This post will be the first of 2 that will aim to change how we think about 2 particular subjects in terms of values rather than a legal requirement. This post will look at Health & Safety and how organisations can foster a Company Culture of safety to really make a big impact.
If when you think of Health & Safety (H&S), you think of horrifically repetitive and mandatory lectures which you are required to attend so that the organisation can tick a few boxes and avoid legal action, I wouldn’t blame you. Unfortunately this depressing description is commonplace for a rather fundamental aspect of an organisation that can shape how its employees see themselves, the organisation and its culture. H&S is much more than just “lift with your legs and not with your back” or “this is how NOT to saw your arm off…” It is heavily linked to culture. The sooner organisations facilitate awareness of this and move away from legal requirements, to something each individual, from Executive board members to interns, believes in, supports and actively promotes, the better results in terms of bottom lines, organisational citizenship and reputation.
According to an article on EHS Today, some of the biggest trends this year are creating a culture of safety, promoting general health and well-being and ensuring that this is being driven form the top-down.
How do organisations, then, foster a “safe culture”? Is it as simple as telling employees to be on the lookout for unsafe conduct or conditions? Is it as elaborate as spending millions on equipment and resources? For many this is the extent to which they will go.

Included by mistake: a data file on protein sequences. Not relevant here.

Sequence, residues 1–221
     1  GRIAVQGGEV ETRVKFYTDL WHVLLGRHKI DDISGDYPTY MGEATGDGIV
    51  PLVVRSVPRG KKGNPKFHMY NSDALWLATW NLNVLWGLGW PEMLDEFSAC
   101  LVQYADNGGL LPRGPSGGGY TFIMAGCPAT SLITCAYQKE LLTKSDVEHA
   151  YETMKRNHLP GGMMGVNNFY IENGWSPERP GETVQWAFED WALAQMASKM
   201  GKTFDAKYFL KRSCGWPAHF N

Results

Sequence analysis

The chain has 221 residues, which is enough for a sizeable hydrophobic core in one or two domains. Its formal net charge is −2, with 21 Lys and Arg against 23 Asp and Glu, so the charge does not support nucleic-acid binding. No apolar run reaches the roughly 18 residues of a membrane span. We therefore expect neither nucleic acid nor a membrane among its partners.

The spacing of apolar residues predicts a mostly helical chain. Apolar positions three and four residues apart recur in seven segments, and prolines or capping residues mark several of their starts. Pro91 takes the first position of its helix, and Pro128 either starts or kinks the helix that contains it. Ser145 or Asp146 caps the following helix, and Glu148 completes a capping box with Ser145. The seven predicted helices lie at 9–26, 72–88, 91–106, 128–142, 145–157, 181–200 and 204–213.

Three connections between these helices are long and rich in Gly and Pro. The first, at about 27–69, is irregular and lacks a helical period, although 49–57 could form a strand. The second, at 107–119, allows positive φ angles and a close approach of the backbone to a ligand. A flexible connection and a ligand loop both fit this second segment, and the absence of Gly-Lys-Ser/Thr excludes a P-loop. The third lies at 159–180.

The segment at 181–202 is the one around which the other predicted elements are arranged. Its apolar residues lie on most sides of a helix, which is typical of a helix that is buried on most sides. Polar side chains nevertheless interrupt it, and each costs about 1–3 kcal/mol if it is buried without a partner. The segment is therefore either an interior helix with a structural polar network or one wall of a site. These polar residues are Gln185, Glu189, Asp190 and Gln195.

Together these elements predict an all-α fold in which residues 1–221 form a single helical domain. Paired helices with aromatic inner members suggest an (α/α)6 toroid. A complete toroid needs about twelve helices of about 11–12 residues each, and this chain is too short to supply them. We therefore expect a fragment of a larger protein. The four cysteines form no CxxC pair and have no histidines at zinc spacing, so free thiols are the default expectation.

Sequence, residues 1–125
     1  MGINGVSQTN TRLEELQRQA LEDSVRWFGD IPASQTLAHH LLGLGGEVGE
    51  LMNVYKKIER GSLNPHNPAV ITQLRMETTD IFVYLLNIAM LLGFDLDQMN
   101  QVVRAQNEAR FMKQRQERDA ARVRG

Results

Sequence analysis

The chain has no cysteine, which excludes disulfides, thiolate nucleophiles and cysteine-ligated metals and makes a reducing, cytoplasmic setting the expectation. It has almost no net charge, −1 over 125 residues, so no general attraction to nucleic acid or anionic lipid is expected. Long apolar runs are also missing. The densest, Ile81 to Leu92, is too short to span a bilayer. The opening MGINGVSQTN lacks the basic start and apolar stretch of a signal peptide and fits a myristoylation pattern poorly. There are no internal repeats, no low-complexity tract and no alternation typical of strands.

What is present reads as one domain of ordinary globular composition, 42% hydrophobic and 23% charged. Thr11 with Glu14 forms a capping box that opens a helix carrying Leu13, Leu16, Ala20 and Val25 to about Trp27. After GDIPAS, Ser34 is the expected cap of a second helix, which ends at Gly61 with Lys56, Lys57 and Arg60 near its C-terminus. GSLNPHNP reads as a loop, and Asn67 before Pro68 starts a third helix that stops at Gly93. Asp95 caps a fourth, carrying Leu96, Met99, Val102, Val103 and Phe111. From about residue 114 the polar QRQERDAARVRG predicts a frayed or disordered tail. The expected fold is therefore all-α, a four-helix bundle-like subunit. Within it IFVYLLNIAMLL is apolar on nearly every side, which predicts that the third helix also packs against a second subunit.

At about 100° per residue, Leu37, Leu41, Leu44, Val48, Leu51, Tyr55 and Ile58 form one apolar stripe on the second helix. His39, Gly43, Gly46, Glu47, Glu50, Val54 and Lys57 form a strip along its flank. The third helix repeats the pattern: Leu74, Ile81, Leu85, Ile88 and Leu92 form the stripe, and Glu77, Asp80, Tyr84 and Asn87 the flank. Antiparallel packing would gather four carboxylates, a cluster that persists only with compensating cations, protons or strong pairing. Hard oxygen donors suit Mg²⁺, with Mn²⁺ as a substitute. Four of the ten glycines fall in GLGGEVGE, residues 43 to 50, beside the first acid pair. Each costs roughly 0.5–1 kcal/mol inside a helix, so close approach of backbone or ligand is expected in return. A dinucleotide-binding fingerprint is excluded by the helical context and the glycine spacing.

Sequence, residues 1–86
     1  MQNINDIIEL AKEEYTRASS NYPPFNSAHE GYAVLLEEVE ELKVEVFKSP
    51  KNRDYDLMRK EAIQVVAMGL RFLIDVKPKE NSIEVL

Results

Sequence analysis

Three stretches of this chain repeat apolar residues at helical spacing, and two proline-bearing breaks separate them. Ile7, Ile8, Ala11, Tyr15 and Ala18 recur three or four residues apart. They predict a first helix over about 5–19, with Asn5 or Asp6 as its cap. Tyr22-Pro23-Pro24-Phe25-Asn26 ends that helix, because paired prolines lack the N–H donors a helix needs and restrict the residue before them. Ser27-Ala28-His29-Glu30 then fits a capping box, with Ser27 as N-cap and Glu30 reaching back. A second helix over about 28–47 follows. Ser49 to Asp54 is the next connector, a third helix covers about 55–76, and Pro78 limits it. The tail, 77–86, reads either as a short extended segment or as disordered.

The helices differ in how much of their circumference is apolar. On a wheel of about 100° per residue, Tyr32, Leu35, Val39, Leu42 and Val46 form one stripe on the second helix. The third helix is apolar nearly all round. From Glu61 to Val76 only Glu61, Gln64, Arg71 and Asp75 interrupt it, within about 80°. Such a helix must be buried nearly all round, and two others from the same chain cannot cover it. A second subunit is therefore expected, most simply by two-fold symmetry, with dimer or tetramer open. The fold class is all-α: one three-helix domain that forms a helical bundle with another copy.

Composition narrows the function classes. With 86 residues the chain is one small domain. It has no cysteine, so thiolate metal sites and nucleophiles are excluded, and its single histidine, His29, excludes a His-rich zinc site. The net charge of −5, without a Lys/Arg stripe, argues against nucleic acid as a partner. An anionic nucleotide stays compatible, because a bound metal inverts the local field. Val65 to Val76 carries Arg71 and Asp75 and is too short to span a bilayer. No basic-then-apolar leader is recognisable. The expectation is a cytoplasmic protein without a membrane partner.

In the UK, SME’s spend approximately £2 ($3.2) million annually on ensuring that H&S guidelines are being adhered to. This is a combination of courses, materials, equipment, signs etc. Nonetheless, staggering statistics show that things regularly go wrong. For example:
– £13.4 ($21.5) billion lost through workplace injury and ill health
– 27 million working days lost
– 111,164 RIDDOR (Reporting of Injuries, Diseases and Dangerous Occurrences Regulations) cases
– 212,000 absences reported over 3 days
– 173 fatalities in the workplace
Why is it that these measures aren’t working? If equipment is put into place to stop a dangerous incident occurring, why are these ignored/missed/forgotten? There are two factors that can explain this: Personality and Culture.
By exploring culture, an organisation can target specific aspects of the overall environment that are counterproductive to the cause. Bearing in mind the EHS article, it may be the case that employees feel that upper management are leaving safety on the wayside whilst focussing too much on the bottom line. By conducting a companywide climate survey, an organisation can gain feedback on how the employees really perceive safety in the organisation. Based on these results, Organisational Development plans can be put into place to increase the culture of safety.
By exploring the personalities of employees, be this at selection or afterwards in development, one can start to explore what may be helping or hindering their behaviours. Depending on how conscientious they are will affect how much they focus on detail. Depending on how confident they are will affect the risks they may take or how they perceive their own safe behaviours. An objective assessment of an individual’s safety related behaviours coupled with a high quality coaching programme can significantly decrease risk of poor safety related behaviours.
About the Author
Emdad Khan is a Graduate Consultant for 3 Minute Mile, based in West London in the UK. After graduating from Goldsmiths, University of London with a Masters in Occupational Psychology and accredited in Hogan Assessments, Emdad began working for 3 Minute Mile. He quickly began to increase the exposure of the company by engaging in its website, the company Twitter and LinkedIn pages, as well as creating the 3 Minute Muse and the 3 Minute Magazine. His passion lies in millennial integration in the workplace – from selection, to on-boarding, to development, to succession.